Wednesday, April 23, 2014

Civil War Art-- Part 9: Frank Vizetelly

In relation to the North, the Confederacy had no illustrated newspapers, other than Frank Leslie's and Harper's which made it across lines. However, the London Illustrated News sent noted British war artist Frank Vizetelly, fresh from covering fighting in Italy, to North America. //// He first covered the war from the North's perspective until he saw the debacle at the First Battle of Bull Run. His unfavorable drawings and description of the rout got him banned from Union lines. //// He now determined to cover the war from the Southern viewpoint. With the help of Confederate sympathizers and a freed slave, he crossed the Potomac River below the capital and joined the southern army along the Rapidan River. //// He took up the cause of the South. The South now had their own special artist. //// --Old Secesh

Tuesday, April 22, 2014

Civil War Art-- Part 8: Censoring

As mentioned in the previous post where an Arthur Lumley illustration of Union troops pillaging at the Battle of Freedricksburg, both Harper and Leslie duid their part to shape public opinion, sometimes censoring images they considered to be too negative or graphic. //// For instance, Harper editors made Alfred Waud's drawing of a leg amputation at an Antietam field hospital to look less gory. //// Another Waud sketch of exhausted horses dragging artillery carts were given lifted heads and kicking up clods of mud. //// Even so, the general public was becoming aware of the horrors of war as the war progressed as a result of the illustrations. ////

Monday, April 21, 2014

Civil War Art-- Part 7: Did Union Troops Actually Pillage?

At the December 1862 Battle of Fredericksburg, Arthur Lumley, an Irishman working for the New York Illustrated News sketched Union troops pillaging the town. //// He was incensed by the scene and wrote on the back of the drawing: "Friday Night in Fredericlsnurg. This night the city was in the wildest confusion sacked by the Union troops= houses burned down furniture scattered in the streets= men pillaging in all directions= a fit scene for the French revolution and a disgrace to the Union Army." The journal never printed this image. //// --Old Secesh

Saturday, April 19, 2014

Fletcher Pratt's "Civil War in Pictures"

Since I have been writing about the artists would brought the Civil War to the people via their illustrations, I decided to go dig out my old copy of this book, over which I spent so much time back when I was a youngster. //// It is old, much smaller than I remembered and a bit dog-eared. My mother had used it in her classroom library when she taught. I see my very childish scrawl on the inside cover showing my address at the time as being at 129 North Library Street, Grenvile (well, actually Greenville as in North Carolina. That would have put me in 4th or 5th grade at that time. //// My mother had also written our address through junior high, high school and even first year at college. That would be 1102 E. Anderson, Pal. //// There are three pieces of tape holding the front and back covers together. //// My copy, which I think cost me a small fortune of $5 and bought at a small mom and pop book store in Greenville (maybe) was printed by Garden City Books, Garden City, New York. //// Copyright is 1955 by Fletcher Pratt, who also wrote a favorite paperback book of mine about the Civil War. I think it was called "A Short History of the Civil War." The Garden City Books Edition was printed in 1957. //// As I said a few days ago, this book was essentially a compilation of illustrations from Harper's Weekly and Frank Leslie's Illustrated Weekly Newspaper. //// Hello, Old Friend. --Old Secesh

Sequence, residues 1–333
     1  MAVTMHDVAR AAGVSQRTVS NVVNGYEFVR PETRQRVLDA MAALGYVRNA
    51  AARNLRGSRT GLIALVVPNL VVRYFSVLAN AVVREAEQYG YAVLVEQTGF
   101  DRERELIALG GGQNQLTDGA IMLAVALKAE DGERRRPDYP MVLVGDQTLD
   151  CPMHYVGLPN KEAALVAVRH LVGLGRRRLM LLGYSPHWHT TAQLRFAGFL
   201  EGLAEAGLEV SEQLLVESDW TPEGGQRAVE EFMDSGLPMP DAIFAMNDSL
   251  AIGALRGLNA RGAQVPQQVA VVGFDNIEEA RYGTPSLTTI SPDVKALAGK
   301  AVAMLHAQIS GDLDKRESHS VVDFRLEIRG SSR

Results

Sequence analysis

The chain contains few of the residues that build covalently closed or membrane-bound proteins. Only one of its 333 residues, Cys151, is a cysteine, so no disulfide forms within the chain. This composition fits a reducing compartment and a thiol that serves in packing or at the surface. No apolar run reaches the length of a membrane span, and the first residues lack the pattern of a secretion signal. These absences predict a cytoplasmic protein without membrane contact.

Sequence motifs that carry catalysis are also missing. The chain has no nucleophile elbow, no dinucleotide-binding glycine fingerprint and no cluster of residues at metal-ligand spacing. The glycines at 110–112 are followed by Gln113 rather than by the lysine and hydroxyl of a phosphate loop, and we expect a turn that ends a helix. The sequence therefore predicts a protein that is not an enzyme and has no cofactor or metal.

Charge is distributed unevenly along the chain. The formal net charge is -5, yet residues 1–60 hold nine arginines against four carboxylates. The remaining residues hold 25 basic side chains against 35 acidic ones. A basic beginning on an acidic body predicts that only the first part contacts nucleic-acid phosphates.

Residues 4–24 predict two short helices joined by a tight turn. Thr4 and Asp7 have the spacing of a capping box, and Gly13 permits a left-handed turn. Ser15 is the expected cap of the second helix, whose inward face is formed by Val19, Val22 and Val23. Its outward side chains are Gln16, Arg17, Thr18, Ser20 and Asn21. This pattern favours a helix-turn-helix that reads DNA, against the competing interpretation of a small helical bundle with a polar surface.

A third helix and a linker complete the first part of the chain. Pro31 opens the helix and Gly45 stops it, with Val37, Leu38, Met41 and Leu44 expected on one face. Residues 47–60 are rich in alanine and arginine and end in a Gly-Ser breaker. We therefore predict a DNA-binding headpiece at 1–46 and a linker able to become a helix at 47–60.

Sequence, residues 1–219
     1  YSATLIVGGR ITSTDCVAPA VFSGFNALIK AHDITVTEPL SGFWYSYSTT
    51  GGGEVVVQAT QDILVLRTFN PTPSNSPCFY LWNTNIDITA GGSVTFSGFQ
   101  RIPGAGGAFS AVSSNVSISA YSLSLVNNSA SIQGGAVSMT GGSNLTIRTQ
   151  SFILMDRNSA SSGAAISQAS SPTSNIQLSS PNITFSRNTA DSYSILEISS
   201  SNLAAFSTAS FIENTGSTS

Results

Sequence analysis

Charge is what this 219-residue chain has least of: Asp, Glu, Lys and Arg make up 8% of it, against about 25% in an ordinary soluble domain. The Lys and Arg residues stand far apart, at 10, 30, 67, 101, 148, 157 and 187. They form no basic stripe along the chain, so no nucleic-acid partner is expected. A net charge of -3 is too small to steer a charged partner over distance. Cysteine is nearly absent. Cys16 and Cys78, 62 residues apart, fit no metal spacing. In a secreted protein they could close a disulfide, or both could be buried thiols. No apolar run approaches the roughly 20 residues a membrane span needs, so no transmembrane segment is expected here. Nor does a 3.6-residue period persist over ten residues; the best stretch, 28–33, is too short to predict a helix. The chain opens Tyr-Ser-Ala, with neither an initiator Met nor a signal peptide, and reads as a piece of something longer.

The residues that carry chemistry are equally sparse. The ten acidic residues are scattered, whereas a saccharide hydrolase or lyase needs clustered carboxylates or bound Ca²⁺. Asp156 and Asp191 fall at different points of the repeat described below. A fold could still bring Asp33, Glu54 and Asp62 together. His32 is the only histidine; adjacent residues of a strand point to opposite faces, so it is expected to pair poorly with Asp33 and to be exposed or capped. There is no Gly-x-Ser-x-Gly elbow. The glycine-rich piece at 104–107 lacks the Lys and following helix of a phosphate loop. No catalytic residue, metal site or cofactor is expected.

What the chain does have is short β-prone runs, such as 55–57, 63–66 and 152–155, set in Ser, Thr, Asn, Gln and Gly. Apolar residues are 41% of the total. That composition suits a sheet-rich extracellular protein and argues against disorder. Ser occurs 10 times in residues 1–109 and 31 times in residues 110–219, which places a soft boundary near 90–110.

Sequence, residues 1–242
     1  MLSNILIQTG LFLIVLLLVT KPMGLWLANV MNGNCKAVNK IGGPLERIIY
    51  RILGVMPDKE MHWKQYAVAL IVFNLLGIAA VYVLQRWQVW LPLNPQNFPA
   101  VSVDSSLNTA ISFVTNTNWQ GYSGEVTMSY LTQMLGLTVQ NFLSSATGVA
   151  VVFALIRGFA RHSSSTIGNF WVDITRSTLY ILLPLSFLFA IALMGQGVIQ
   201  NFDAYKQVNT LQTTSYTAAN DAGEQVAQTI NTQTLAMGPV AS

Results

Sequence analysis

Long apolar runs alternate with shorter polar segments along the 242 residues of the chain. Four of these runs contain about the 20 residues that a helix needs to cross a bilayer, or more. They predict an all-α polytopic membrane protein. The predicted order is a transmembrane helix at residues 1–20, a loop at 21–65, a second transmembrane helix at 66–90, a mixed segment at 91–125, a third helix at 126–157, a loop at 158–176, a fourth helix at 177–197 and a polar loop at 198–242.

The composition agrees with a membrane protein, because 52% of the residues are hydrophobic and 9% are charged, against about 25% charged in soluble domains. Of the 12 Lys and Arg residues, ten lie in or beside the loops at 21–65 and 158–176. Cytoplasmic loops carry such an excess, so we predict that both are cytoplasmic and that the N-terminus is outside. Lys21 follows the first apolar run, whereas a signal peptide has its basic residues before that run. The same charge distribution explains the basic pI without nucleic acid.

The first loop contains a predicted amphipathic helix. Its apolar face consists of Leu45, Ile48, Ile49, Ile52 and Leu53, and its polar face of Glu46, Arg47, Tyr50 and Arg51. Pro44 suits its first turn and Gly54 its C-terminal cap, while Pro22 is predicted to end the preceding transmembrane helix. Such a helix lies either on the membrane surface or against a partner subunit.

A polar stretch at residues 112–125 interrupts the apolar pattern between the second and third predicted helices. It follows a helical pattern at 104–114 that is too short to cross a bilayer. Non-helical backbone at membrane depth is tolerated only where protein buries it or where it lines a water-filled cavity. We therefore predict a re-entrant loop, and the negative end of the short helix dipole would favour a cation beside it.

Friday, April 18, 2014

Civil War Art-- Part 6: Winslow Homer and Thomas Nast

Winslow Homer was born in Boston and destined for artistic stardom later, created many memorable sketches and paintings from the front lines. His work from NcClellan's failed Peninsular Campaign in 1862 is of particular interest. //// His Bavarian-born colleague Thomas Nast became America's most influential editorial cartoonist, completely supporting Lincoln and the Republican party and demonizing the Confederacy. His illustrations helped solidify Northern war effort and Lincoln's second election. //// --Old Secesh

Civil War Art-- Part 5: Alfred Waud and Edwin Forbes

Alfred Waud was the most prolific special and created some of the most memorable sketches of Gettsburg and Antietam. On July 21, 1861, he traveled to the Bull Run battlefield on the wagon of his good friend, photograoher Matthew Brady. At one point he took up arms against the Confederates that day and used a pistol to deter a Union soldier trying to commandeer his horse on his return. //// He had good friendships with officers which allowed him great access to battlefields, but also was prone to showing the regular soldier. //// Edwin Forbes of Leslie'sIllustrated was very focused on human-interest and figure study of the regular soldiers and made sketches of soldiers relaxing, cooking, cleaning, reading, shaving and doing other daily activities. //// Just Regular Folk. --Old Secesh

Thursday, April 17, 2014

Loved Those Illustrated Books